If someone were to pay you $1,000 or more a month to sit on your couch and do nothing, you’d probably take the gig, right? After all, there’s nothing better than getting to earn money without having to lift a finger.
If that idea sounds good to you, here’s something you should know. Investing in real estate could be your ticket to generating $1,000 or more per month in passive income.
Now, if you’re thinking “Wait a minute — I don’t want to go out and purchase a rental property” — I wouldn’t blame you. While an income property could be a great way to generate ongoing cash, it’s easy to argue that managing a rental really isn’t passive income, because you’re doing the job of a landlord for what could be many hours a week.
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And besides, owning physical real estate carries risk. You could incur thousands of dollars in damage if a tenant wrecks your home. Or a weather event could leave you on the hook for countless repair bills.
That’s why REITs really are a much better source of passive income within the realm of real estate. And so if you like the idea of sitting back, doing nothing, and making money, then it pays to add them to your portfolio.
The benefit of REITs
REITs, or real estate investment trusts, are companies that make money by operating portfolios of properties. Industrial REITs, for example, own warehousing space they can lease out to generate revenue.
When you invest money in REITs, you get to buy into real estate without owning any property yourself. That means you don’t directly assume the same risks you’d face if your name were on the deed to a house or building.
Meanwhile, the benefit of REITs is that they offer you two ways to make money. First, your REIT shares could gain value over time, the same way that can happen when you buy regular stocks. But the second way you can make money is via dividend payments, and that’s where the whole passive income thing comes in.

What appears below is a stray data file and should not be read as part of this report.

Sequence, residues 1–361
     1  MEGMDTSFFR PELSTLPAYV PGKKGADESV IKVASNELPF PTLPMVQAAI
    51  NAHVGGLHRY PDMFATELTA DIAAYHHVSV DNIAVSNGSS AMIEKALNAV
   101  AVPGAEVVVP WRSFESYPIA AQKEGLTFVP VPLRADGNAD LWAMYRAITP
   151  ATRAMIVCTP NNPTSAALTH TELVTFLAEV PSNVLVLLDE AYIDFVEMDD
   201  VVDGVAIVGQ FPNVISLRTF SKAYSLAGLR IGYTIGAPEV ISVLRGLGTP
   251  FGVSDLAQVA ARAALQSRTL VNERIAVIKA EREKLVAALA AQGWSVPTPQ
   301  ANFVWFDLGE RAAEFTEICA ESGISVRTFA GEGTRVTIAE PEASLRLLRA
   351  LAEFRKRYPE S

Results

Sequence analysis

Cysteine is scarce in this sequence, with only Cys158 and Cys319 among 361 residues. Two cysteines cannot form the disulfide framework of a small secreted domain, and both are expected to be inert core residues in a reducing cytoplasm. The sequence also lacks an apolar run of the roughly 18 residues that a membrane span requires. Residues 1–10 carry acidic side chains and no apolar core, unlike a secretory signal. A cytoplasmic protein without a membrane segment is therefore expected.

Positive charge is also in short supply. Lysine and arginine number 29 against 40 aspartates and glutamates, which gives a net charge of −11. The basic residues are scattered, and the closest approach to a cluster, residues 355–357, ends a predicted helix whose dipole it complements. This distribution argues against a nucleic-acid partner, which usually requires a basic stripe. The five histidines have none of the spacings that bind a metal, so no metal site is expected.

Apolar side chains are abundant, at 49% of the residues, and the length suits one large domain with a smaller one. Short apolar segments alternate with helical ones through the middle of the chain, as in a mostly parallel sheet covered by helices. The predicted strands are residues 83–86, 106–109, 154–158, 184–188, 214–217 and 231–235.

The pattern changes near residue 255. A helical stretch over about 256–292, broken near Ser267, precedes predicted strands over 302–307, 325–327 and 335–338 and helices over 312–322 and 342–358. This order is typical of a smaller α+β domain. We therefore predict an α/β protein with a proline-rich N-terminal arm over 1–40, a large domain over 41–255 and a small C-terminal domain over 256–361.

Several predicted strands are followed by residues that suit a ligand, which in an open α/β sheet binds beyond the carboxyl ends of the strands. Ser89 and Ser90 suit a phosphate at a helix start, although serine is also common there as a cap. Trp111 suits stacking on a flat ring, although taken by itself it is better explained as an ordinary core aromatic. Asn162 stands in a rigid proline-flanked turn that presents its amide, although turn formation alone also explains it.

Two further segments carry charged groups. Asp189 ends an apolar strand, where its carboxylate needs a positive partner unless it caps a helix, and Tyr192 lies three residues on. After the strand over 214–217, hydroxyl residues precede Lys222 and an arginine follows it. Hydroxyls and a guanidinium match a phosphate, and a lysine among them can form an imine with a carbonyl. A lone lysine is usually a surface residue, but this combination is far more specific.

REITs are required to pay at least 90% of their taxable income to shareholders as dividends. As such, they tend to pay higher dividends than most stocks.If you load up on REITs, you may reach the point where your portfolio is generating $1,000 or more per month of dividend income. And from there, all you need to do is decide what to do with it (hint: reinvesting is probably your best bet). Compare that to the many tasks involved in owning a rental property, and it’s easy to see why REITs are an ideal choice.
As an example, Medical Properties Trust Inc (NYSE: MPW) has a dividend yield of 8.61%. Now dividend yields can change over time, so you can’t get too comfortable with any one specific number. But still, let’s assume that the company is able to sustain that dividend. If you were to buy 10,500 shares, you’d end up with monthly dividend income of just over $1,000.
To be clear, it’s probably not a good idea to buy that many shares of a single REIT. The point, however, is that it’s possible to find REITs with generous dividends, and if you assemble a nice mix of them across a range of market sectors, you can enjoy that passive income plus added diversity in your portfolio.
Of course, REITs have their downsides. For one thing, all of that dividend income could create a huge tax liability for you (assuming you hold your REITs in a regular brokerage account and not a tax-advantaged account, like an IRA). And market or economic conditions could impact the value of your REIT shares (mall REITs, for example, took a beating in 2020 when stores closures exploded in the wake of the pandemic).
If your goal is to generate steady income without exposing yourself to too much risk, you may want to focus on REITs that are more likely to be recession-proof, like healthcare REITs. But again, branching out into different market sectors is probably your best bet on a long-term basis.
All of the upside, none of the work
While there are different steps you can take to set yourself up with passive income, it pays to look at REITs if you really want to take the easy way out. And to be clear, that doesn’t make you lazy. If anything, it makes you a savvy investor who knows how valuable their time is.
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Maurie Backman has positions in Medical Properties Trust. The Motley Fool has no position in any of the stocks mentioned. The Motley Fool has a disclosure policy.